Convenções, conhecimento comum e convenções alternativas

Autores

  • Diogo Fernandes

DOI:

https://doi.org/10.21747/126

Resumo

In this paper I’ll try to answer the question about whether the common knowledge condition, which according to David Lewis defines a convention, is really necessary to explain the social phenomenon thus designated, and also whether Lewis’ definition accords with our common intuitions about this notion. In order to achieve my goal I’ll test the definition by asking two questions: Can the definition explain the origin of conventions? And can it explain the way conventions maintain themselves in use over time? In 1. I’ll present the notions of common knowledge and salience, and I’ll try to show how both are strictly connected in a way that one cannot be conceived without the other. In 2., following the literature on game theory developed after and over Lewis’ definition, I’ll introduce Ken Binmore’s criticisms about whether it is possible for an event to become common knowledge in a large population. In 3. I’ll introduce some examples by Tyler Burge which question the need to include, in the definition of convention, the proviso according to which there has to be common knowledge of alternative conventions. In 4. I’ll evaluate the arguments presented and conclude that a weakened version of the proviso is necessary to give a complete answer to the relevant questions.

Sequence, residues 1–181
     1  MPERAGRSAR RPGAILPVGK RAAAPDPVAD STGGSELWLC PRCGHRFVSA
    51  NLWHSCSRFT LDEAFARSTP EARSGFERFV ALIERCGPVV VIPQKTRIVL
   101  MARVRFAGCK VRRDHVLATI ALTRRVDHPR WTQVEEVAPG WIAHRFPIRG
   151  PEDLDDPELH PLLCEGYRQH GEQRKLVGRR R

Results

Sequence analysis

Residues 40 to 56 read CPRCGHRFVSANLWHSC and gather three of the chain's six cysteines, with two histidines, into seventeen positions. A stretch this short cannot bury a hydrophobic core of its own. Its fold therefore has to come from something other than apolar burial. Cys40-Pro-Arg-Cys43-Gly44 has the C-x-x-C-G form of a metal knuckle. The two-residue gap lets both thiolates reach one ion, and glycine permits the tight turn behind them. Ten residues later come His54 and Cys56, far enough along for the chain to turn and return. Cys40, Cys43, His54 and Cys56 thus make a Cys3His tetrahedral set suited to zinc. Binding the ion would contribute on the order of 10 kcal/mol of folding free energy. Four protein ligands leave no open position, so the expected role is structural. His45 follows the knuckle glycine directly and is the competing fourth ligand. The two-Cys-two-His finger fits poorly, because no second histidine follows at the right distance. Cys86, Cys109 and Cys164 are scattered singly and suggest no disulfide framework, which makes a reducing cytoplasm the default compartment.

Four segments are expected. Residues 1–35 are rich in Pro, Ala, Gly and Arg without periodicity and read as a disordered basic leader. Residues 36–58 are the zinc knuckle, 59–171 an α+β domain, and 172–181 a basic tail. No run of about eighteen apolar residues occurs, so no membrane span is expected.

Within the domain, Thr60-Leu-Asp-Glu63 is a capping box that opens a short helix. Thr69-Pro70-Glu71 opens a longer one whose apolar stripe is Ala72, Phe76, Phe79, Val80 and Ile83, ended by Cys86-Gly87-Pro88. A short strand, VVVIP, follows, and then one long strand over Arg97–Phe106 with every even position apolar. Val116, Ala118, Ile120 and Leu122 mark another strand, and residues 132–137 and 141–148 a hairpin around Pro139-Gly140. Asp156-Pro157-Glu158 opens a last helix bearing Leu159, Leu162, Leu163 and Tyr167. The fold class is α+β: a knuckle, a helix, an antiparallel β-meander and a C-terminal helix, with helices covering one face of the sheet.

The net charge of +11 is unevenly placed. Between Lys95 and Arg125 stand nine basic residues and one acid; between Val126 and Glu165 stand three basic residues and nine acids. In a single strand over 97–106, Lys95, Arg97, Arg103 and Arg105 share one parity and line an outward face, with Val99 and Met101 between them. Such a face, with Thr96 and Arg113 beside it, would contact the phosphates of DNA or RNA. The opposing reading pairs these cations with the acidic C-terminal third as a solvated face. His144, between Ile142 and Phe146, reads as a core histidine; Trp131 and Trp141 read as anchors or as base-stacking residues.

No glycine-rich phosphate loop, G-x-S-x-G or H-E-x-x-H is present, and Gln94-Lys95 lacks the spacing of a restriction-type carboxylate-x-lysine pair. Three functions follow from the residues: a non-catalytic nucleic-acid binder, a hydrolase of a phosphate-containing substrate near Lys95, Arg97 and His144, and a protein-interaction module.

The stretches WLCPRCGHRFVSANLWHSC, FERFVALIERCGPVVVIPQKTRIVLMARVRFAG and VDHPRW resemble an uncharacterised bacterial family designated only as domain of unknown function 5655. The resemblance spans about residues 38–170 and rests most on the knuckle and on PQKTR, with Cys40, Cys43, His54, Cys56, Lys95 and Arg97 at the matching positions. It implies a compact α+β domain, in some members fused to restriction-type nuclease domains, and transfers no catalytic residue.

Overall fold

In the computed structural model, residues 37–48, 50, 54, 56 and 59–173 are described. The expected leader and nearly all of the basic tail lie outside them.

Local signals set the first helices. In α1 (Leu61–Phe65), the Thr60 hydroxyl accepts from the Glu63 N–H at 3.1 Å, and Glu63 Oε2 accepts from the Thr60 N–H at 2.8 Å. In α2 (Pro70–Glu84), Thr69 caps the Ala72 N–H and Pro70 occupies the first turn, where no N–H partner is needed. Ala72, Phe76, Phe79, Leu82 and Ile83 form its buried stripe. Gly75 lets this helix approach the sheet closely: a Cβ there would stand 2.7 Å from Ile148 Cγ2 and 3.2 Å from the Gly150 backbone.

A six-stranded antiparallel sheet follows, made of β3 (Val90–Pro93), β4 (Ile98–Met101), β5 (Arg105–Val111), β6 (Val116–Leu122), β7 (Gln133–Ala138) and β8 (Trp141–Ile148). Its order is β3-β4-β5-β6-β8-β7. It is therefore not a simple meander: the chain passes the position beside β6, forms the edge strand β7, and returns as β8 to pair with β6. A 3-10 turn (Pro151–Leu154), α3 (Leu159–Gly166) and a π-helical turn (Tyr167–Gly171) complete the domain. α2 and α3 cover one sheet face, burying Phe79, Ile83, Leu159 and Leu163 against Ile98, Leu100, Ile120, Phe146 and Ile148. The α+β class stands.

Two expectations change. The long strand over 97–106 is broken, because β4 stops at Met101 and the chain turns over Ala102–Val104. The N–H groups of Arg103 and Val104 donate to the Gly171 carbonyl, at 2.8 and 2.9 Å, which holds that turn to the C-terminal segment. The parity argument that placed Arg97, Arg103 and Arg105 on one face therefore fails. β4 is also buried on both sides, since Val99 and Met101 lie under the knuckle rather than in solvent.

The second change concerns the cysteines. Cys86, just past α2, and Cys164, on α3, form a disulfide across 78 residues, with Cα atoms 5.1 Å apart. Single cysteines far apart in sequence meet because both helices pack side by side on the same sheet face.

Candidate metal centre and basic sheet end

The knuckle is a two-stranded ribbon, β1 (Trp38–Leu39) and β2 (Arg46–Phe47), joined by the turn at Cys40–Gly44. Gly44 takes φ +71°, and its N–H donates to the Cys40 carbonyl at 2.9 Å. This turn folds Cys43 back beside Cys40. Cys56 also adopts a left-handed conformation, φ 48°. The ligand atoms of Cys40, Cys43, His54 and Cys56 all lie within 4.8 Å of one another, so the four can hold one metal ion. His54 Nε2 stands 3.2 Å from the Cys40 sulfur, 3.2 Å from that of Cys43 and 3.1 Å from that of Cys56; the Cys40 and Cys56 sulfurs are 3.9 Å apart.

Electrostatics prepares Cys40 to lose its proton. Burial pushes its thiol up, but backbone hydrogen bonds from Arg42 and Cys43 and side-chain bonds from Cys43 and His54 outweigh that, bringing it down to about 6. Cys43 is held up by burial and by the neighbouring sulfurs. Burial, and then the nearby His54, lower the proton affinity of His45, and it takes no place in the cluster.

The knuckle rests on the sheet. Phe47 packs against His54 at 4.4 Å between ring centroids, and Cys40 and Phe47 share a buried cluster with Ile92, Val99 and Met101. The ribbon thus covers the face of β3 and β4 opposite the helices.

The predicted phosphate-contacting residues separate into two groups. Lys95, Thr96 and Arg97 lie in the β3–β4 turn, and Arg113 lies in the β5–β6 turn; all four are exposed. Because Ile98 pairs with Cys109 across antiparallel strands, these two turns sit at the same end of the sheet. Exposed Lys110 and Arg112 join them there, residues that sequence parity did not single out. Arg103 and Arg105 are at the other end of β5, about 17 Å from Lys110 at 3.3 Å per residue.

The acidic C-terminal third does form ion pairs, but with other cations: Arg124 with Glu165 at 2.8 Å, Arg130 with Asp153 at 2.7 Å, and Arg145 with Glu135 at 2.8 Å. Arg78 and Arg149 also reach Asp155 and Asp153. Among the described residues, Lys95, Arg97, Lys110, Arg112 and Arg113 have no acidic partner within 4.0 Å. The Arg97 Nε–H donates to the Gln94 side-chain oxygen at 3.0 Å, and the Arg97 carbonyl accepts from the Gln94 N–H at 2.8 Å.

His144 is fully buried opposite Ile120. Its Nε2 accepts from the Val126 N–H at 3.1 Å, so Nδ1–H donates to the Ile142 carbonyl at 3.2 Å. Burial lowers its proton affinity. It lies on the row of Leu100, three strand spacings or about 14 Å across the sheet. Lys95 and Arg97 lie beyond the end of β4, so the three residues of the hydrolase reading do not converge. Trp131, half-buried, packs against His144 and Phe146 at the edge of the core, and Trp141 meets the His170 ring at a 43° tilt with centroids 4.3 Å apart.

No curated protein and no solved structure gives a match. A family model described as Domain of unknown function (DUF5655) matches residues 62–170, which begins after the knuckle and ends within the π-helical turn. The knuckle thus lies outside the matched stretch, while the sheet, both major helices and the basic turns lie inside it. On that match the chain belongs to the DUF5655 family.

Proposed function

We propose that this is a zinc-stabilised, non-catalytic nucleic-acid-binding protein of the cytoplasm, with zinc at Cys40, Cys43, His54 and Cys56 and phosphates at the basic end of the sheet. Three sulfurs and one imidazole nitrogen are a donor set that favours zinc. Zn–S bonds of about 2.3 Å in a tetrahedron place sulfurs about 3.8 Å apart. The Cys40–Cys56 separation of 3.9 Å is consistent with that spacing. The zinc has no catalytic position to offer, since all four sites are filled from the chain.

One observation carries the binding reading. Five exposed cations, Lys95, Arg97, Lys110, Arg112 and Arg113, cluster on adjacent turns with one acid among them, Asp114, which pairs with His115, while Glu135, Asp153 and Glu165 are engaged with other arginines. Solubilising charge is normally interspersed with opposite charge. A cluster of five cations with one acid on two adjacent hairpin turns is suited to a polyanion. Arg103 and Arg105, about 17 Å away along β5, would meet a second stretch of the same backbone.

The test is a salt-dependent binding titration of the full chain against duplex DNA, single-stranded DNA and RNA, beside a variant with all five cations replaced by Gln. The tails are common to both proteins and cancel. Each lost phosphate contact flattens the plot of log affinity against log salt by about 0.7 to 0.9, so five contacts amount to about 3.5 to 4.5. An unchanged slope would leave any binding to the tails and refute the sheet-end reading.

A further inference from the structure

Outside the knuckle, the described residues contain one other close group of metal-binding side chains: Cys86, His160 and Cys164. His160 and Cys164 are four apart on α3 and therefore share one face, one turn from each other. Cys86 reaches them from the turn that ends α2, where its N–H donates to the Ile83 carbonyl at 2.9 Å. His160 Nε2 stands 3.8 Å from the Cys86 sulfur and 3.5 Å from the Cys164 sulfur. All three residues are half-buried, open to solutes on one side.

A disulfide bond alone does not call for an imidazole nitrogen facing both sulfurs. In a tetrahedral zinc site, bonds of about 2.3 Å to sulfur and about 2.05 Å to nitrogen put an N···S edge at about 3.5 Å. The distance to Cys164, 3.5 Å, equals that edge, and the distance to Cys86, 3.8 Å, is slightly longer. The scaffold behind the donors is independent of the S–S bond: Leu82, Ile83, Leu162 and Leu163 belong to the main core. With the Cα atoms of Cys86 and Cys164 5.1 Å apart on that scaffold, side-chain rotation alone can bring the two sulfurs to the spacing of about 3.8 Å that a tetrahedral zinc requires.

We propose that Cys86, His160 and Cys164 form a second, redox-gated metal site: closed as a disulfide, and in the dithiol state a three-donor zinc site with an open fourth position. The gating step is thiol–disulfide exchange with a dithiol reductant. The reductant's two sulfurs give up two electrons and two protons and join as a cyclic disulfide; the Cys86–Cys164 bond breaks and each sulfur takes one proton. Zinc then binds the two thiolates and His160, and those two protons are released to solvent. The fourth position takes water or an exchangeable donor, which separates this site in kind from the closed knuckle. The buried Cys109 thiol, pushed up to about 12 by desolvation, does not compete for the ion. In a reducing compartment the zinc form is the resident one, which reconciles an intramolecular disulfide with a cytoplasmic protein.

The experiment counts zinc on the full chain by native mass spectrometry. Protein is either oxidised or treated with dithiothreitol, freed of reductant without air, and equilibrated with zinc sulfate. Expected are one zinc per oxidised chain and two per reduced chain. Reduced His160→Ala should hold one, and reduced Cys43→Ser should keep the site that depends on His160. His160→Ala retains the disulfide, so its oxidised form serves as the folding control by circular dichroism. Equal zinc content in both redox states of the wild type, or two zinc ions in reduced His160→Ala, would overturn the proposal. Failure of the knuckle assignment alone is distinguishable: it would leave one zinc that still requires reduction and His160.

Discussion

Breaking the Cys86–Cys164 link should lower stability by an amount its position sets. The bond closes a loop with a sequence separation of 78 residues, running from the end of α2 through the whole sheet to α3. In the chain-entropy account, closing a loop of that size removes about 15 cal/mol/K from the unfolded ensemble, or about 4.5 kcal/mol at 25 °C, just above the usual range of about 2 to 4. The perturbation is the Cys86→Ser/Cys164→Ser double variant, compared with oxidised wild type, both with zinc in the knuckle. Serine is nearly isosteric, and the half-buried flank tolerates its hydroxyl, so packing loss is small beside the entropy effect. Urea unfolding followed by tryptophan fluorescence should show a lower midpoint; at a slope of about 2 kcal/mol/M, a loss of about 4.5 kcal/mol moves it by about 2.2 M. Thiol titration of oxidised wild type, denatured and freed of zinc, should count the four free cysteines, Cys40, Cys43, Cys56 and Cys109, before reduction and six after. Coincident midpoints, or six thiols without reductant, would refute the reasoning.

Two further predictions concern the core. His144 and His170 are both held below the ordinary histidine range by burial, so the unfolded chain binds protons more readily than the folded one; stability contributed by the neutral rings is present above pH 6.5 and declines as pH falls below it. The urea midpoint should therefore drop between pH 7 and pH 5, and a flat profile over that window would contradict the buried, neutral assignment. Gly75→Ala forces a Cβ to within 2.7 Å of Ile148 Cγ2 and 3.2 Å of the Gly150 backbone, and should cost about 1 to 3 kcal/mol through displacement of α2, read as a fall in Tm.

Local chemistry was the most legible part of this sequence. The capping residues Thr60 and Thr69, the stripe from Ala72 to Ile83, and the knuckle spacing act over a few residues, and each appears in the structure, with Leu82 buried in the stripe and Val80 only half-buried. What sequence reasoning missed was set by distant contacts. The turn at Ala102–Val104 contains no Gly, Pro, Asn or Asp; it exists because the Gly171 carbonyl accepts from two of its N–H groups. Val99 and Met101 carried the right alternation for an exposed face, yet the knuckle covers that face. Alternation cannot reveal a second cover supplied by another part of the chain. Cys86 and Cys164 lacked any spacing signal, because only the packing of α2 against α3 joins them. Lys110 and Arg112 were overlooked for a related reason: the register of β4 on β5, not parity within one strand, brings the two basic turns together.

Key-words: convention, salience, common knowledge, truism, social function.

Biografia Autor

Diogo Fernandes

Bolseiro de Doutoramento da FCT. Licenciado em Filosofia pela Universidade de Lisboa, Pós-Graduado em Filosofia Analítica pela Universidade de Lisboa e Mestre em Filosofia Moderna e Contemporânea pela Universidade do Minho. Centro de Filosofia da Universidade de Lisboa – LanCog.

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Publicado

2014-01-07

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